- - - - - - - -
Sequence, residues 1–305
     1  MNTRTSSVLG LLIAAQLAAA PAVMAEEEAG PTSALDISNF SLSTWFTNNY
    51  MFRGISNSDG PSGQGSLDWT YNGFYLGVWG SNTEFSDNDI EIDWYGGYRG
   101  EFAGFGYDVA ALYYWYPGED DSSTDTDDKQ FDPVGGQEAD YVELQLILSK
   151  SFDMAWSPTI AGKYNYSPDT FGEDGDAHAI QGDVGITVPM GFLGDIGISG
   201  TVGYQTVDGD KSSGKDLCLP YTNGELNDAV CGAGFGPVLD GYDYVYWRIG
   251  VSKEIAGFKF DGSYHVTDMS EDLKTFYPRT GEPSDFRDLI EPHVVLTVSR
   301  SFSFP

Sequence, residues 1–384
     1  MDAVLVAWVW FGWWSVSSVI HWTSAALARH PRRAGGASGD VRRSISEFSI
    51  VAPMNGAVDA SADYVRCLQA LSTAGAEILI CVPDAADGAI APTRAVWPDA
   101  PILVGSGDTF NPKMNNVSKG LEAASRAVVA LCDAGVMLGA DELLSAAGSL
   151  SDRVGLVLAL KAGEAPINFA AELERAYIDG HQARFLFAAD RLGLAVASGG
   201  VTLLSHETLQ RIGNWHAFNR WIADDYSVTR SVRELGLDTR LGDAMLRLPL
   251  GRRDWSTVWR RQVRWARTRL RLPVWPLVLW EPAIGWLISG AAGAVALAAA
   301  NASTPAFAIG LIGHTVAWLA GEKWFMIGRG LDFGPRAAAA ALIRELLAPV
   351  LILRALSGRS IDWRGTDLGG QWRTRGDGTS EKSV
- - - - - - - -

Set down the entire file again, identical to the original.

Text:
Sequence, residues 1–305
     1  MNTRTSSVLG LLIAAQLAAA PAVMAEEEAG PTSALDISNF SLSTWFTNNY
    51  MFRGISNSDG PSGQGSLDWT YNGFYLGVWG SNTEFSDNDI EIDWYGGYRG
   101  EFAGFGYDVA ALYYWYPGED DSSTDTDDKQ FDPVGGQEAD YVELQLILSK
   151  SFDMAWSPTI AGKYNYSPDT FGEDGDAHAI QGDVGITVPM GFLGDIGISG
   201  TVGYQTVDGD KSSGKDLCLP YTNGELNDAV CGAGFGPVLD GYDYVYWRIG
   251  VSKEIAGFKF DGSYHVTDMS EDLKTFYPRT GEPSDFRDLI EPHVVLTVSR
   301  SFSFP

Sequence, residues 1–384
     1  MDAVLVAWVW FGWWSVSSVI HWTSAALARH PRRAGGASGD VRRSISEFSI
    51  VAPMNGAVDA SADYVRCLQA LSTAGAEILI CVPDAADGAI APTRAVWPDA
   101  PILVGSGDTF NPKMNNVSKG LEAASRAVVA LCDAGVMLGA DELLSAAGSL
   151  SDRVGLVLAL KAGEAPINFA AELERAYIDG HQARFLFAAD RLGLAVASGG
   201  VTLLSHETLQ RIGNWHAFNR WIADDYSVTR SVRELGLDTR LGDAMLRLPL
   251  GRRDWSTVWR RQVRWARTRL RLPVWPLVLW EPAIGWLISG AAGAVALAAA
   301  NASTPAFAIG LIGHTVAWLA GEKWFMIGRG LDFGPRAAAA ALIRELLAPV
   351  LILRALSGRS IDWRGTDLGG QWRTRGDGTS EKSV